Take the 2-minute tour ×
Stack Overflow is a question and answer site for professional and enthusiast programmers. It's 100% free, no registration required.

Here is my function. It is a simple one, I'm just not confident on what the answer is.

  int calcul( int n) {
    if(n=1)
      return 1;
    else
      return calcul(n/2) + 1;
  }

Now, to get the complexity, I do:

T(n) = T(n/2) + O(1)

T(n/2) = T(n/4) + O(1)

...

T(1) = O(1)

Now, adding the equations, I'm getting

T(n) = O(1) + O(1)...

so what is the final answer ?

share|improve this question
    
O(1) means the upper bound doesn't depend on the size of the input. If you add two times that each don't depend on the size of the input, you get another time that doesn't depend on the size of the input. So O(1) + O(1) = O(1) - which can't be correct for the function! –  Daniel Earwicker Oct 12 '11 at 15:36

3 Answers 3

up vote 2 down vote accepted

You're executing the function once for each time you can divide n by 2, which is log n times.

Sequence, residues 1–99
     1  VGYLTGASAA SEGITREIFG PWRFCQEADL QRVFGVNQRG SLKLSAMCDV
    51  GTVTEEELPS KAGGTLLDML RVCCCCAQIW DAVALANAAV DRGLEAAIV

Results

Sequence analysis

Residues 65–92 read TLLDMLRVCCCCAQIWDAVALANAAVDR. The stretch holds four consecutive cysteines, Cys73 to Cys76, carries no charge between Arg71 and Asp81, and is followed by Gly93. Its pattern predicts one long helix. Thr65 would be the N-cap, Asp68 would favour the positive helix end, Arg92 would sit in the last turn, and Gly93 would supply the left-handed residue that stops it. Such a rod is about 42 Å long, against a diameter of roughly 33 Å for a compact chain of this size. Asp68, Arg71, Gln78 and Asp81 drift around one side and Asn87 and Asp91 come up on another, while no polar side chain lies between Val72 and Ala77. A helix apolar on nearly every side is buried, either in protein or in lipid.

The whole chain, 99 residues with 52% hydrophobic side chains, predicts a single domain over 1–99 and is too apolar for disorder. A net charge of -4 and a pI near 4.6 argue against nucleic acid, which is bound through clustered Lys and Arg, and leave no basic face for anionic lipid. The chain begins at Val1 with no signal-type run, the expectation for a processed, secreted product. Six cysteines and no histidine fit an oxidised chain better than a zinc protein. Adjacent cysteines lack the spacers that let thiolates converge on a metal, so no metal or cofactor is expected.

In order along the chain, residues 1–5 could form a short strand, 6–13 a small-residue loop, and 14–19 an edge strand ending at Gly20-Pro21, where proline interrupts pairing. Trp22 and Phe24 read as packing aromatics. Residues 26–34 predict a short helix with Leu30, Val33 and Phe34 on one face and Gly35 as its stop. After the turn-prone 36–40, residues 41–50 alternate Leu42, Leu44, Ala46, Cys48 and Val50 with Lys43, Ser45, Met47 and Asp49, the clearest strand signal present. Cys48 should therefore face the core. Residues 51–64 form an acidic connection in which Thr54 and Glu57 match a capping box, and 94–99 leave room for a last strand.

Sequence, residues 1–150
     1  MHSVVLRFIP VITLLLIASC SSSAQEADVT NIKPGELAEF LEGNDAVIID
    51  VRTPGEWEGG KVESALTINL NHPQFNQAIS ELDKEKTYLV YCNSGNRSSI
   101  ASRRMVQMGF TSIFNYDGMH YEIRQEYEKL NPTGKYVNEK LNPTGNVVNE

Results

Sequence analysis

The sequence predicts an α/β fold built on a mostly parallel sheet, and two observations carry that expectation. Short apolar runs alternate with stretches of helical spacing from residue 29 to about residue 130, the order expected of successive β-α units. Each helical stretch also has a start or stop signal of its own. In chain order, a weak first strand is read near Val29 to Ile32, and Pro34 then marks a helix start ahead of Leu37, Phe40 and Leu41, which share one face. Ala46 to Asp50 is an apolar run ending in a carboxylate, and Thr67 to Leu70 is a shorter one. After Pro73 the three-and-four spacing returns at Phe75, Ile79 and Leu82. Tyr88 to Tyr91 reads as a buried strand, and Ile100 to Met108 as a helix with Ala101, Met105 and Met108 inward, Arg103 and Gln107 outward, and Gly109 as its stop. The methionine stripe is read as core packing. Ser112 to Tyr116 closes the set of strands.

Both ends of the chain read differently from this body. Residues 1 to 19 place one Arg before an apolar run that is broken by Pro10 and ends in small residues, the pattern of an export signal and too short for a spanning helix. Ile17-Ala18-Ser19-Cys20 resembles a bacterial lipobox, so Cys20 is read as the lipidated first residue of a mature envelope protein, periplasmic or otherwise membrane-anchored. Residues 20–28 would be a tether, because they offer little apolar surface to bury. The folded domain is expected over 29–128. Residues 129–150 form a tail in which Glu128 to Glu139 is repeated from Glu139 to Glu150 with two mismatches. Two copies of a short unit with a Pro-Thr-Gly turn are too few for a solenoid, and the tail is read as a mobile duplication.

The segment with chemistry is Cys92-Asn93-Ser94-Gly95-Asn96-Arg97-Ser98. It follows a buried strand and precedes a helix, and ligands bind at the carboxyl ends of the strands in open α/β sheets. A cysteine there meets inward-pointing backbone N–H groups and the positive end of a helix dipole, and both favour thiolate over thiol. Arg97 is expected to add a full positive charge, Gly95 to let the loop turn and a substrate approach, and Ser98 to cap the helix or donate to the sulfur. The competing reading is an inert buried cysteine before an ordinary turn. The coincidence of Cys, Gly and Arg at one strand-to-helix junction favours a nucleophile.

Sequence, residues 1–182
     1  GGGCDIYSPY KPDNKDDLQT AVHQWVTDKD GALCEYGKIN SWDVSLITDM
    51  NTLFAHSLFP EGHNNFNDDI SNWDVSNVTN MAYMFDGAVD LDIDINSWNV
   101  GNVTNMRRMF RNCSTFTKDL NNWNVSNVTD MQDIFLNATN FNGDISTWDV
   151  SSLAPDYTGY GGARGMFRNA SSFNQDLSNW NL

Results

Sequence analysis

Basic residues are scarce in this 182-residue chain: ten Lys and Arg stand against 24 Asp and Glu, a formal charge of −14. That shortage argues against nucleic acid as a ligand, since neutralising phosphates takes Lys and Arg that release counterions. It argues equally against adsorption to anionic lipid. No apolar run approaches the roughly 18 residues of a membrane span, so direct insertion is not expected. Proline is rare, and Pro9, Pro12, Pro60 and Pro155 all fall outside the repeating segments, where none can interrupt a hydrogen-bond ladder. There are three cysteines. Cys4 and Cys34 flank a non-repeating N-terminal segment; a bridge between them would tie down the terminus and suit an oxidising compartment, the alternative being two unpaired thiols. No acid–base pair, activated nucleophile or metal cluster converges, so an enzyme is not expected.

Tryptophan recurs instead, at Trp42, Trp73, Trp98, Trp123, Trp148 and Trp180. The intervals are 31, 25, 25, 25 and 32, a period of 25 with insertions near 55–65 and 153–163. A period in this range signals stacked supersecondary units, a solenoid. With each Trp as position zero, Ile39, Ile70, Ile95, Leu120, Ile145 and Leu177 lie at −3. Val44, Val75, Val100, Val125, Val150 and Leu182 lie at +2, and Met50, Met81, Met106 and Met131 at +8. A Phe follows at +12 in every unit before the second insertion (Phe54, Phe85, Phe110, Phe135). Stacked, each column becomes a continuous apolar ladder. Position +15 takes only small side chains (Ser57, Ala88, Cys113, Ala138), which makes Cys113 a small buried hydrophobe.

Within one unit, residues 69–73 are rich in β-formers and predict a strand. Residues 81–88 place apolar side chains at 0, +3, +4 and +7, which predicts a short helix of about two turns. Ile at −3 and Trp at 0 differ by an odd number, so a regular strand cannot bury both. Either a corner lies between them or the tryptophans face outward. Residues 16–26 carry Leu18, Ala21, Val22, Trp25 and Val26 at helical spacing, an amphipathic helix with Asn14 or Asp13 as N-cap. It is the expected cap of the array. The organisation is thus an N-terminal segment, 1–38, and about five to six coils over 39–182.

So you get O(log n).

Edit:

The logarithm (of base 2) of a number n is the power 2 has to be raised to get n.

That is, 2^(log n) = n, where ^ indicated exponentiation.

Now, a simple way to calculate an approximation of log n is divide n by 2 while n > 1.

If you've divided k times, you get n < 2^k.

Since k - 1 divisions still yielded n > 1, you also have n >= 2^(k-1).

Taking logarithms on each member of 2^(k - 1) <= n < 2^k, you get k - 1 <= log n < k.

share|improve this answer
    
Thanks for your answer, can you just detail it a bit more, I don't get the link between n by 2 and log n. thanks again ! –  CoachNono Oct 12 '11 at 15:50
    
@CoachNono: I've edited my answer. –  Dennis Oct 12 '11 at 16:17
    
Thank you very much ! –  CoachNono Oct 12 '11 at 16:25

The algorithm is very similar to http://en.wikipedia.org/wiki/Binary_search_algorithm

So, you could read detailed explanations why it's O(log(n))

share|improve this answer

I suggest becoming familiar with the Master theorem. In this case, a=1, b=2 and f=O(1). Since such that f = Theta(1) = Theta(n^(log_2(1) log^k n) = Theta(log^k n) for k = 0, we are in the second case of the theorem and T(n) = Theta(log^(k+1) n) = Theta(log n).

Very handy theorem, and useful in cases when comparing to other algorithms and doing other kinds of analyses aren't so easy.

share|improve this answer

Your Answer

 
discard

By posting your answer, you agree to the privacy policy and terms of service.

Not the answer you're looking for? Browse other questions tagged or ask your own question.